The following is a good article about foundation cracking. Cracks in foundation walls, to the untrained eye, are all serious when in fact that is untrue. As a native of the Denver Metro area and very knowledgeable of the expansive soils here it is in the best interest of your client that you have a knowledgeable and trained eye to detect if is truly serious or minor and superficial.
Cracks in Basement Walls
by Gerry Aubrey of Blue Bell Consulting, Inc.
When spring arrives we generally focus our attention on cleaning the house, cleaning the yard, and planting gardens. Before we venture out, let's head to the basement and check something really important: the basement walls. Winter is brutal. Freeze thaw cycles destroy streets and frozen rain pulls down wires and trees. Those same forces are busy below grade, and they can wreak havoc on the home's structure. When the ground freezes, it swells and pushes against the foundation. This pressure can crack the wall, resulting in serious damage to the home. Almost 1/3 of the claims made against home inspectors are related to structure. The vast majority deal with structural failures discovered after renovations begin and were not visible to the inspector, but the central issue is the structure which is very important. A house is only at strong as its' foundation.
The first order of business is pull everything away from the walls so you can see all sides, top to bottom. If you finish your basement, build the walls out far enough so you can examine the foundation. What type of walls do you have? A rule of thumb, stone is the best. This is only present in very old houses, but it's the most solid foundation you can have. Poured concrete is the next best thing to stone. You are inspecting it to find damage that can result in structural failure. Concrete foundations often crack. The crack is usually vertical. It is caused by shrinkage of the concrete as it cures. If you find a vertical crack, rub your fingers across it. If both sides of the crack are even, the crack is most likely from shrinkage. This is a common cracking pattern and is rarely a structural concern. If you have water entering through the crack, get it professionally repaired. If you can fit a dime in it, get it fixed. Occasionally the wall on each side of the crack is not even. This type of crack may have been caused by a backhoe operator in a hurry. Walls are sometimes cracked during the backfilling process.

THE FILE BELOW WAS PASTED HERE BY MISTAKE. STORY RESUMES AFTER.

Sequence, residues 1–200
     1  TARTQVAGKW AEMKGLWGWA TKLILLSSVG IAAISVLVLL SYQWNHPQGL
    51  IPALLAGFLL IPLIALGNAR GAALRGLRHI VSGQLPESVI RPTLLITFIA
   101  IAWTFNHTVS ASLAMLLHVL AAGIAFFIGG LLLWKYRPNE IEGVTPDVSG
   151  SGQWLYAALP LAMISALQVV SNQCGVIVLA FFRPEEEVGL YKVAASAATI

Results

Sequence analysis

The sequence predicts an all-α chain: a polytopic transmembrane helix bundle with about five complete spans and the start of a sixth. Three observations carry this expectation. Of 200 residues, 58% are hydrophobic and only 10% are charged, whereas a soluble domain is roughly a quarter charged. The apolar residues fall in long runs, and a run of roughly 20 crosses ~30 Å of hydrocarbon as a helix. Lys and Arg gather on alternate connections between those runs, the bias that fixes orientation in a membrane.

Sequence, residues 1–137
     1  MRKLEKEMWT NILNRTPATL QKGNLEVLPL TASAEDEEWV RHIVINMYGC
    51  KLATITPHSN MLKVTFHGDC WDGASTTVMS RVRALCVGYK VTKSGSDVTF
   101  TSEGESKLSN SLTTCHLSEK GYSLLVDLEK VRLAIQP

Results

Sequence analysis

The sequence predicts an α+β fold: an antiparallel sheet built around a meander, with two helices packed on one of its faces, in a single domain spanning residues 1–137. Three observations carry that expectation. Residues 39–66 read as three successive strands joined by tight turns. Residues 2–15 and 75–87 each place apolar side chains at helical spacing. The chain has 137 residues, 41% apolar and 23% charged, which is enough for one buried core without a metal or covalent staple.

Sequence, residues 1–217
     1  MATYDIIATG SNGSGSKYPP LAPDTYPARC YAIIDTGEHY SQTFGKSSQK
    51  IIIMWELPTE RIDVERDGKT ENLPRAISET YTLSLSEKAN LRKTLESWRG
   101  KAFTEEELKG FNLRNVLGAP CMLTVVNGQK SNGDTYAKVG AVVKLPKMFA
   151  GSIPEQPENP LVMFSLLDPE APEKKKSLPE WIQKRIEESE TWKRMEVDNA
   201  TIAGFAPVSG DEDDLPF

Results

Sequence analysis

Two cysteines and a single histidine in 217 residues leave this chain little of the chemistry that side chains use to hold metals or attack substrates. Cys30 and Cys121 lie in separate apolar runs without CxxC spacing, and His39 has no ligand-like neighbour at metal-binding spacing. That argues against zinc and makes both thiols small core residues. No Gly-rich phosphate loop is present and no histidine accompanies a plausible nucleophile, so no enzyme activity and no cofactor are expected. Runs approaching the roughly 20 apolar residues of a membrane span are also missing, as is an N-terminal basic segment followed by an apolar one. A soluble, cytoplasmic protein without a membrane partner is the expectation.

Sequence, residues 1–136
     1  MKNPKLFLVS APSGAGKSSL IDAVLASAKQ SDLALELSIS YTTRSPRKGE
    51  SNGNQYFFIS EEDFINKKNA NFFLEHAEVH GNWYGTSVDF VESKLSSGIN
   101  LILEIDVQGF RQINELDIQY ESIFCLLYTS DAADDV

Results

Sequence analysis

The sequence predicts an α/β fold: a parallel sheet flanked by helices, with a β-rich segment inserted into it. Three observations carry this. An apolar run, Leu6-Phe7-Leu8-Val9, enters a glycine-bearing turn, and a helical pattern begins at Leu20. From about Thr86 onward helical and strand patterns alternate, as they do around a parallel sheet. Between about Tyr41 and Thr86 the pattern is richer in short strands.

If you have cinderblock walls, they are most prone to problems. If properly installed and maintained, they generally perform well. Again, a vertical crack is usually not a concern. The wall is merely segmented, and the wall on both sides of the crack is doing its' job. Look for water penetration, and if present get it repaired. If you find a long horizontal crack in the wall, you should be concerned. A horizontal crack compromises the integrity of the entire wall. It can lead to catastrophic structural failure. If you can put a dime in the crack, call a structural engineer. These horizontal cracks usually appear about 3' below grade. They are caused by hydrostatic pressure against the side wall, and it snaps the wall. If I find a small crack during an inspection my advice is often to monitor the crack. If the crack never changes, you need not worry about it.
Monitor the crack? The Client generally looks at me like I suggested they study Latin Literature. Cracks are like a stain on the ceiling, it's very difficult to tell if it changes. There is a device that I've discovered for monitoring cracks that is brilliant in its' simplicity. It is manufactured by Avongard Products of Santa Monica California. They have a toll free number to order it, 1-800-244-7241, and the device, with shipping, is less than $20.00. It consists of two pieces of clear Plexiglas with a grid on them and two holes in each piece to secure it to the wall. It comes with a chart that duplicates the grid, and a spot on the chart to write the date. The device is secured to the wall and the grid is placed over the crack. You can secure it with masonry nails or an epoxy that the manufacturer sells. Once it is secured to the wall, you cut the tape that joins the two pieces of Plexiglas. The two pieces will move slightly when you cut the tape. You then draw a line on the chart to duplicate the reading on the grid. Keep the chart in a safe, dry place, and re-inspect the crack regularly for at least a year. Mark the next grid on the chart and date it each time you check it. The soil conditions can vary greatly between the seasons, so it takes a while to be sure there is no movement. Monitor it for at least a year. If the crack is moving, call an engineer.
When I find a crack in a basement wall, the first thing I try and determine is what the crack has been doing lately. Cracks caused by backfill, or water damage ten years ago are far less of a concern than a crack that is moving. If there is evidence of moving, a specialist should be called as soon as possible. There are a multitude of methods to repair foundation walls, short of tearing the house down and starting over. They obviously will vary in price depending on the labor involved. One thing is certain. If you have a crack in the basement wall, check it regularly, and if you are at all suspicious of it moving, call an expert, and get an expert to repair it. This isn't the same as painting the back porch. If the job's not done right, the down side can be disastrous.